I'm using ArcMap and ArcServer 10.2.1
I'm trying to publish a tool to ArcGIS server (federated to a Portal). The script uses the in_memory workspace to store temporary data, and when you Analyze the service when publishing, it returns a warning that it has to upload the in_memory workspace to the server because it's not registered with the server (we have a couple of geodatabases and folders registered with the server already). I ignore the warning and publish the service and get an error when it tried to stage the service. The error is "ERROR 001270: Consolidating the data failed."
From the documentation, the error normally has something to do with the paths to the data. I think this error is bubbling up because the data doesn't exist anymore.
Shouldn't Arc "know" not to upload the in_memory workspace? At the end of the script I clean them up and delete all the datasets in the in_memory workspace. I'd appreciate any advice.
Solved! Go to Solution.
When I run the tool on desktop, there's no issues or warnings. What do you mean by running it from a registered location? I'm not uploading anything to a registered file or geodatabase (or at least I shouldn't be).
What I mean is that when I publish a gp tool, I make sure the mxd itself and the data connections (or database in the case of a fgdb) contained in the mxd reside in the registered data store location...
Unfortunately I don't have a solution, I just remember I had the same problem.
If I remember correctly I eventually used something like arcpy.env.scratchWorkspace instead of "in_memory" workspace. Or was it arcpy.env.scratchGDB? Or was it %scratchworkspace% ? Sorry I can't remember. Luckily in my case the performance of the service was still pretty good.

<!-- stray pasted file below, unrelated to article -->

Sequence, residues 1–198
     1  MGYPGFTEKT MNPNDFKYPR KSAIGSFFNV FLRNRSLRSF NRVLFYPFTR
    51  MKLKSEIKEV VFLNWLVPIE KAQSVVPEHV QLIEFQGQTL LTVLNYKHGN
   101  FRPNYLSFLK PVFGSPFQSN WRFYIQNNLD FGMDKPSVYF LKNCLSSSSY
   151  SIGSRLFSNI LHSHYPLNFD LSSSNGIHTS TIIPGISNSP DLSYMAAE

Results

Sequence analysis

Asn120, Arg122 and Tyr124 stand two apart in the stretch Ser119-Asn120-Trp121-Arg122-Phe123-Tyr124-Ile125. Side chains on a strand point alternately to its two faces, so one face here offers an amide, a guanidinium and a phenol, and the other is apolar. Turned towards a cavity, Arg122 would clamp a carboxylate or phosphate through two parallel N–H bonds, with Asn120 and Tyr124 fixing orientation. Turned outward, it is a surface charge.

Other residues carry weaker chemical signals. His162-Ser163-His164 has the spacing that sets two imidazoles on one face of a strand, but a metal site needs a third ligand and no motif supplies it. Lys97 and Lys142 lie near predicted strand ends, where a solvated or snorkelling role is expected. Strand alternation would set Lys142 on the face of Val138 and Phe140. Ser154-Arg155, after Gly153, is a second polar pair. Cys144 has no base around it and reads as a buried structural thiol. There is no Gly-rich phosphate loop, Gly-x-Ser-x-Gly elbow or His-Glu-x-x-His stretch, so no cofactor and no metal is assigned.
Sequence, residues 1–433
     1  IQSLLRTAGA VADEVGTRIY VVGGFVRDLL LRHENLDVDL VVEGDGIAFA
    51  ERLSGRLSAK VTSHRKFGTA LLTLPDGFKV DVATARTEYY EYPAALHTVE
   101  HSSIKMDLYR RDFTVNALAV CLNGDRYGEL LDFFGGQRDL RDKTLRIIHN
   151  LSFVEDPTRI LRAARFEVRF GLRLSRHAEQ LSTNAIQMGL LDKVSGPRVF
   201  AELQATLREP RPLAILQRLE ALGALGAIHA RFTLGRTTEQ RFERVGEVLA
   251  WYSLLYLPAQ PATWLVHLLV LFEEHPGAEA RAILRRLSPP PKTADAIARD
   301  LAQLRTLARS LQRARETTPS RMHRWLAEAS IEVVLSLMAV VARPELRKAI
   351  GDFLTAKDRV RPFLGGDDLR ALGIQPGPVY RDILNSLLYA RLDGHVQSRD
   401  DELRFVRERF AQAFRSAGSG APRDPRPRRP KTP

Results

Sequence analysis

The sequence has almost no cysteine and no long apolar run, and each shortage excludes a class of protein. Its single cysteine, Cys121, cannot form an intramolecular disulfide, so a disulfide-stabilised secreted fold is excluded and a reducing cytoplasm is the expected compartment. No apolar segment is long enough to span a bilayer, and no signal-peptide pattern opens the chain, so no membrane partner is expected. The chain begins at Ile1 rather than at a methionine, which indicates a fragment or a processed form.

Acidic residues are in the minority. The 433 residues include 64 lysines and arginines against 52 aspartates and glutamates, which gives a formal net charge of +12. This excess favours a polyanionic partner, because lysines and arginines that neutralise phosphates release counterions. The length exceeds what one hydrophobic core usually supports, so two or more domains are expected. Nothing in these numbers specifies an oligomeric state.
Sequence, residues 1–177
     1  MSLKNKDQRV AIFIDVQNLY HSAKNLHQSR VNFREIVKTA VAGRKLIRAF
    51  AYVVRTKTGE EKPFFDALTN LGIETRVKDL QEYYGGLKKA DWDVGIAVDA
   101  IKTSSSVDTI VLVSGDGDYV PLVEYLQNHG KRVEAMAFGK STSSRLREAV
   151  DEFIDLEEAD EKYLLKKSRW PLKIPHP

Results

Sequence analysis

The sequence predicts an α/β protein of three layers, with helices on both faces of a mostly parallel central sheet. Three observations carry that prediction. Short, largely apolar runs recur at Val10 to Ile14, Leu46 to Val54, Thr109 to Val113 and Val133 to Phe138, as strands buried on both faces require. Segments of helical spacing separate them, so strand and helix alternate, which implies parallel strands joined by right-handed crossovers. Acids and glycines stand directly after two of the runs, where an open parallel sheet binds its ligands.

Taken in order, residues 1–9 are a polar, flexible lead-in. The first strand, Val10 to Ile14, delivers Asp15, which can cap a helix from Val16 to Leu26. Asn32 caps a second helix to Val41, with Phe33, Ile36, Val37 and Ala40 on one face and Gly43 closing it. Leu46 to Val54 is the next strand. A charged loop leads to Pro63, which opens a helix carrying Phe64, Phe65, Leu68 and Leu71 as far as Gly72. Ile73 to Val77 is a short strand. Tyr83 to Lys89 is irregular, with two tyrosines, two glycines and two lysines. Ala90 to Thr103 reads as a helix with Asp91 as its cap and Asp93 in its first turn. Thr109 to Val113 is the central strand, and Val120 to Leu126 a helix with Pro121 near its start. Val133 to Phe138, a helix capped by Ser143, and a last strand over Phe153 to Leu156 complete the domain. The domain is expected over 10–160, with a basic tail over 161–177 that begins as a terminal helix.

I'll need to publish some services soon so I'm eager to know how you get on.
Is the tool built using model-builder or a python script? Sounds like you're using a script.
I have published python toolboxes with in_memory intermediates to a 10.1 server without a problem. If you're using a python script and still having problems, you may want to try building the "in_memory" path using os.path.join (i.e. "os.path.join('in_memory','tempFC')"). I had a similar issue with data getting inadvertently getting copied and that seemed to fix it.
Yes, it's a script. I'm pretty solid with python but I'm new to geoprocessing services. What are the advantages of publishing from an mxd? How would the code be interpreted differently?
I think the reason ESRI recommends publishing from an MXD is that they want you to run the tool before publishing. You need a valid results object before you can publish to server. It is possible to do all of this through a script, but it's not easy.
As part of the publishing process, your script will get modified. The publishing tools will crawl the script, replace any hard-coded paths with a variables and reset the paths so they reference locations that will get created on the server -- assuming the hard-coded path is not a registered data store. Any data that gets copied with the tool is included in the '.sd' file (i.e. service definition file) that gets copied to the server. The updated script also get included in the '.sd' file. Depending on where this fail in the publishing process, you may be able to view the sd file and figure out what is going wrong. If you can find the sd file on your machine, you can view it by changing the extension to '.zip'.